If you are out of town, contact an online forum or Facebook group dedicated to that type of vehicle to find out which local shop can do the job for you. The $100-$200 investment is well worth saving thousands down the road on potential problems.

4. Join a Forum Anyway

Even if the car you want to buy is just around the corner, you should join an online discussion forum anyway. This is the single most effective way to have your questions about a vehicle answered quickly and with a variety of different opinions when it comes to many of the questions listed above. You’ll have to sort through the responses, of course, but it’s often clear which members are respected experts and which ones are just popping off in the comments whenever you ask a question.

5. Look Into Parts and Labor Costs

The majority of the time, no matter how nice of an example you’ve found to buy, the car or truck will need at least a little work at some point. Lining up a list of reliable parts sources as soon as possible can be the difference between enjoying your ride and having it sit in the garage while you try to sort out replacement components.

Again, asking other owners — either online or in a local club dedicated to your vehicle — is a great way to get a feel for which vendors deliver quickly and at a fair price. It’s the same when it comes time to find a trusted mechanic to work on your vehicle. Don’t just assume that a general repair shop will be willing to take on an unusual automobile, or have the skills required to do the job right. Definitely ask around for the right spots to hit up, and introduce yourself to the mechanics and owners there before you need to have any work done.

Not a fan of the 2020 Corvette Stingray? Get an older model (with a manual transmission). (Teddy Österblom/Unsplash)

6. Inform Your Insurance Company

It happened to me: I bought a car without thinking for a second about whether my own insurance company would be willing to write me a policy. It turns out they wouldn’t, and I had to scramble last-minute to find someone who would be happy to cover a classic car.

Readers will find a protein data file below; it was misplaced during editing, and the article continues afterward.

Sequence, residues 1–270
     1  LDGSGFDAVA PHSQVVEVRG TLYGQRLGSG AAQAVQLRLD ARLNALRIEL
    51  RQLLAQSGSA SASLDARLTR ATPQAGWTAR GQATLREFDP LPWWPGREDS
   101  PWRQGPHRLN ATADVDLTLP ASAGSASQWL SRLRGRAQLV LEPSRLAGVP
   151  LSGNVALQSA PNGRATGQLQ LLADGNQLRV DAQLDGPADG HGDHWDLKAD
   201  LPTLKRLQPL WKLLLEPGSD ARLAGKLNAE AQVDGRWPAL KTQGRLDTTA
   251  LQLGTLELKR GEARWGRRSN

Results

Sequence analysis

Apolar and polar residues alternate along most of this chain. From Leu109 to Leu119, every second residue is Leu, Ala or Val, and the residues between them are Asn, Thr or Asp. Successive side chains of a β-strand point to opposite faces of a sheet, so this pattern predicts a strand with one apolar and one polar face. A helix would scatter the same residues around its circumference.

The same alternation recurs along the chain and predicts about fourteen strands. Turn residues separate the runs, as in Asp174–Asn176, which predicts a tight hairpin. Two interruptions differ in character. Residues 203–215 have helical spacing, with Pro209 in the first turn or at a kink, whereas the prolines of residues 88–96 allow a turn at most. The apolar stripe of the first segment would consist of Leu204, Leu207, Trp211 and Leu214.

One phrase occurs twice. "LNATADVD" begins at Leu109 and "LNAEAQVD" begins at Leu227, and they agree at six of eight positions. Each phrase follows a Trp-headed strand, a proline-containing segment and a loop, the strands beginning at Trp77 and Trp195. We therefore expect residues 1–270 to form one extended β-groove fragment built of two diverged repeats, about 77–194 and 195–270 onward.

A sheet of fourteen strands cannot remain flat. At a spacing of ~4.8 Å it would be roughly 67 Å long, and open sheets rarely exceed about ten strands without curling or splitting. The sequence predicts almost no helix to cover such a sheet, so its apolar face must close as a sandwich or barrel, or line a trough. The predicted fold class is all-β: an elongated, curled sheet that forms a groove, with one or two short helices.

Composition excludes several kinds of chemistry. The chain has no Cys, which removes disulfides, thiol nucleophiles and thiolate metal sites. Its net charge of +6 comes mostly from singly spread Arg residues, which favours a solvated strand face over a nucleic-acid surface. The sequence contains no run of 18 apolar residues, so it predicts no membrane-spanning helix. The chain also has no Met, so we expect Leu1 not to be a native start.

If you work with a broker, then you shouldn’t have any issue locating insurance. If you’re doing it on your own, after you contact your existing insurer, it’s worth looking around online for specialty insurance companies that handle unusual automobiles. If you’re plating as a classic then that can also introduce policy restrictions, too, so inform yourself prior to taking delivery.

7. Look Into the Past

A vehicle-history report can be a useful tool in determining whether the dream car you are looking at has ever been involved in an accident or had major repair work done. That being said, don’t take it as gospel; there are ways to wash titles and conceal accidents on paper. Combine any history report with an actual inspection to make sure VIN numbers and other serial numbers line up with what’s being advertised.

8. Don’t Get Carried Away

It’s very, very tempting to jump on the first car you find that meets all of your criteria. It’s natural to be excited, especially if it’s not easy to find the colors, options or model year you are looking for, and if the one that’s popped up is sitting at or around the price you’re prepared to pay.

That moment is where you need to take a deep breath, step back from the situation and go through the above points one-by-one to make sure that the vehicle is exactly what you think it is. I’ve spent a year or more hunting down cars on my list, and along the way I went through many, many potential purchases that all turned out to have flaws (rust, mileage, rust again, poorly-done body repairs, etc.) that eventually ruled them out.

A new paint job, nice set of wheels and attractive sales price can hide any number of problems with a particular car. If something feels too good to be true, it most likely is — but that’s why you’re getting it inspected and checking its history, right?

Any car worth buying is worth buying right. Take your time, be patient and the right vehicle will come along that will provide you with thousands of miles of driving pleasure.